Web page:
I'm sure in total I have tallied up my 31 items for March. The most important part to me, is the fact that all these items have left the building! Here's to April and lots more - and some cooler weather hopefully!
Several reasons for this post, which follows on so rapidly after the garden update.
Firstly, I'm so glad that I discovered Circle of Pine Trees - the year in books blog link up. Laura started this in January, so I'm pleased thatI have found it reasonably early in 2014.
The two books I've read in March are - Stay Alive by Simon Kernick and Belle Cora by Phillip Marguilies and two more different books both written by male authors would be difficult to find.
I'm sure I've read Simon Kernick before and he has a reputation as a good thriller. So despite trying to swerve away a little from mystery thriller types, Stay Alive did sound like an interesting read. However (to this reader anyway) it was a disappointment. Claiming to be a fast page turner, it was just that. I couldn't wait to finish it and get it over and done! With clumsy writing, an unbelievable plot with bodies dropping left right and centre. (I couldn't escape the mental imagery of the movie 'Home Alone' with the boy outwitting the baddies constantly). The ending seemed a bit rushed as the author tries to tie (the many) loose ends together. All in all I would consider it a holiday read - airport or beach!
However, the book which really engrossed me was Belle Cora - oh my goodness, what an enjoyable read! This is riches to rags story of a daughter of a New York merchant who went on to become a millworker, a prostitute, a notorious madam, a murderess and eventually one of San Francisco's richest and most revered dowagers.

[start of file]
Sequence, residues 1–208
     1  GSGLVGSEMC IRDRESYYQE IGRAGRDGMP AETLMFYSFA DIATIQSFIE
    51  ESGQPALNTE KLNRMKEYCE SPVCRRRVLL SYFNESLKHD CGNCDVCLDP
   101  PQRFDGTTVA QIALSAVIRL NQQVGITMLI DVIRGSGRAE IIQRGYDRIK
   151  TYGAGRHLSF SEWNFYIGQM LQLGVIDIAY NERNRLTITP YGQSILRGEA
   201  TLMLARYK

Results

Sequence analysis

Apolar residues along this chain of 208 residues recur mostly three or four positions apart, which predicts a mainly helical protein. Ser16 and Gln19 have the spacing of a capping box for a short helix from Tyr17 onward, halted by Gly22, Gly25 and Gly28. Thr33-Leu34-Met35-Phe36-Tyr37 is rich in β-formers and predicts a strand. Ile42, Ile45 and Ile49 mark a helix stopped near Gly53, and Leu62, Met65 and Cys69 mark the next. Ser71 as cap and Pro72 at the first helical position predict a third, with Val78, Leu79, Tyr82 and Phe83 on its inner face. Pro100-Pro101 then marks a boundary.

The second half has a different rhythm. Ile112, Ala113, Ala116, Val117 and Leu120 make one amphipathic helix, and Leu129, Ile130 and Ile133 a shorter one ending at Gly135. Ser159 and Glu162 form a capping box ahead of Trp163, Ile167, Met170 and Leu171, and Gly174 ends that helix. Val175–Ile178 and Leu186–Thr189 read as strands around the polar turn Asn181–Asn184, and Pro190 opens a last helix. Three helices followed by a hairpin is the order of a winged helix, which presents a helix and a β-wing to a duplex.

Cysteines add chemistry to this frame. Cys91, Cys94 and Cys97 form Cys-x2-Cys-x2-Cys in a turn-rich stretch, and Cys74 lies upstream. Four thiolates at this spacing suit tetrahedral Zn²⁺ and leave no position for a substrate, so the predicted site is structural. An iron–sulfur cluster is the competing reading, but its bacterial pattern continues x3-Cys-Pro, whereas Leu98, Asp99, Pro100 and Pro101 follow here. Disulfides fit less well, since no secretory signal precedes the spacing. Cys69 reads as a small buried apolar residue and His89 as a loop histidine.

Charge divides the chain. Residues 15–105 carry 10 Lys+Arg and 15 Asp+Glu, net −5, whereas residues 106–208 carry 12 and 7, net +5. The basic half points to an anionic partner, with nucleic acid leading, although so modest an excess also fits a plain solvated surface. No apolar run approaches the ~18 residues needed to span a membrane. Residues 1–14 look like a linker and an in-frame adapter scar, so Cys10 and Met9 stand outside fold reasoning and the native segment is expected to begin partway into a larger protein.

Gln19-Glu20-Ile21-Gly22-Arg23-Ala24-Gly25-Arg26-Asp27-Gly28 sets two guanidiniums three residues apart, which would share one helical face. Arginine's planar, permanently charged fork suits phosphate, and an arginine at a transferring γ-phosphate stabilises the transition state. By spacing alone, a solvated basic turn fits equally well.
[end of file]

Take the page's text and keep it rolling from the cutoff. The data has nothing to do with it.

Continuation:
It's beautifully written - a spellbinding story of a single woman ahead of her time - the tale of an epic life. She managed to rise above many difficult situations to make something of her life when it seemed there was no hope. The book is tastefully written by Phillip Marguilies (can't believe a male wrote this particular book) and manages to celebrate a particularly strong woman.
I'm linking in with Jacqui over at Dusty Country Road today. I've been thinking of joining in the last few Fridays, but now at last I feel a bit more inspired. We've had some rain, it's a little cooler (humidity stay away please) and I wandered about and took a few photos.
Wow - and my first mosiac too! I've been aware that my photos have been looking a bit ordinary so I'm aiming to 'up the ante' wondering at the same time what that expression actually means.
So I stumbled upon reference to this site and managed to fumble my way around enough to make my first mosiac. win win.
Back to the garden however! Photos are as follow -
1&2 - Before and After sunflowers (see the sunflower experiment). It's amazing what a brushcutter can do!
3&4 - Some rain in the gauge at last (only about 110mls over 2 days - not as much as some but more than we have had for a long time). The humble start to this winter's veggie crops. A rather hurried planting before the rains. Hopefully more time in the garden this weekend.
4&5 - Tamarillos powering on; our first coconuts! We are in south east Queensland, in the sub-tropics so we weren't sure if this would ever fruit.
Thanks Jacqui for a bit of a push into appreciating the garden a bit more! I hope to have more exciting photos next time of the progressing veggie garden.